In the current study, we found the average diameter of the aortic arch was 26.14 ± 2.43 mm just distal to the attachment of the ligamentum arteriosum. An aortic aneurysm may lead to vocal cord palsy by compressing the left RLN; again, left RLN damage and vocal cord palsy may set in as a sequela of thoracic aortic aneurysm repair surgery [5]. In a study by Lee et al., the average diameter of the ascending aorta recorded by thoracic imaging was 30.7 mm and 32.8 mm in female and male subjects, respectively [15]. They concluded factors, including sex, systemic diseases, and lifestyle, do influence the aortic diameter. In our study, the diameters of the aortic arch in male and female cadavers were 26.78 and 25.5 mm, respectively. Although male cadavers showed relatively higher values in most of the parameters, no clinically significant difference was observed (Figure 6). Selecting different parts of the thoracic aorta for measurements could be responsible for the discrepancy in the findings among the current study and the study by Lee et al. In the present study, the average diameter of pulmonary artery just distal to the attachment of the ligamentum arteriosum was found to be 19.9 ± 1.08 mm. Lee et al. reported the average diameter of the main pulmonary artery was 26 ± 3.4 and 27 ± 3.4 mm, respectively, in female and male participants [15]. The difference of the findings could be contributed by (but not limited to) the following: different anatomical sites of measurements and post-embalming tissue shrinkage in cadavers [16]. Kuryama et al. suggested that computed tomography (CT) scan measurements of the pulmonary arterial diameter could be useful in detecting pulmonary arterial hypertension (HTN) and could be utilized to estimate the pulmonary arterial pressure [17]. Lange et al. suggested that pulmonary arterial diameter measured by thoracic CT could even predict borderline pulmonary hypertension and plan early diagnosis of underlying pathologies [18].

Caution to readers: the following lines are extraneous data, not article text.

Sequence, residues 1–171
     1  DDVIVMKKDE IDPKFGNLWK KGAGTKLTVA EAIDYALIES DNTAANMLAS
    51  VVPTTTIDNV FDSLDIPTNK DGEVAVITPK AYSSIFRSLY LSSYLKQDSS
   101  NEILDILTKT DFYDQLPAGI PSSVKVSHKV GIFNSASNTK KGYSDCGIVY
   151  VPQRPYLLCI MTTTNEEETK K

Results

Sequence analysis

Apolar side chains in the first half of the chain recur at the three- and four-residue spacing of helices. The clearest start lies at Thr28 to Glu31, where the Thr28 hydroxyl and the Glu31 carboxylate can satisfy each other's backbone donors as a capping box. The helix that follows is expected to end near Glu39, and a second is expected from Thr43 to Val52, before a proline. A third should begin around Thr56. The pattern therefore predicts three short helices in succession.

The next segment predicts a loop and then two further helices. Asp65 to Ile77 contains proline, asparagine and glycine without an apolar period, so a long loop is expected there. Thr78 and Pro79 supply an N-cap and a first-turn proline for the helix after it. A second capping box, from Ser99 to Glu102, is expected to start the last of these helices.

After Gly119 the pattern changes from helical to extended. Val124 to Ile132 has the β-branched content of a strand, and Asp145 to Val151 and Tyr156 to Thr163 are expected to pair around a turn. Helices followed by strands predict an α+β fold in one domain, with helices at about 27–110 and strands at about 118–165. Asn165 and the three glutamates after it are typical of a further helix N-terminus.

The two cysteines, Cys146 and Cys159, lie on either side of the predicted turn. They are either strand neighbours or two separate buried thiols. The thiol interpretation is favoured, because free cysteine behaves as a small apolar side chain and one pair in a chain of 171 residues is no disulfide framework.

In the present study, the left RLN was found lateral to the ligamentum arteriosum in all cases. However, previous studies reported the location of ligamentum arteriosum might not be constant, and in rare cases, it could be located medial to the ligamentum arteriosum due to variation in embryonic development [19-20]. In our study, the average length and width of the ligamentum arteriosum were 15.89 ± 4.64 and 2.69 ± 0.64 mm, respectively. In a study by Keet et al., the length and width of the ligament were reported as 14.65 ± 7.33 mm and 2.86 ± 0.87 mm, respectively, which are very close to our findings. The length of the ligamentum varied from 6 to 27 mm across our study population, whereas Keet et al. reported the range as 3.48 - 31.48 mm [20].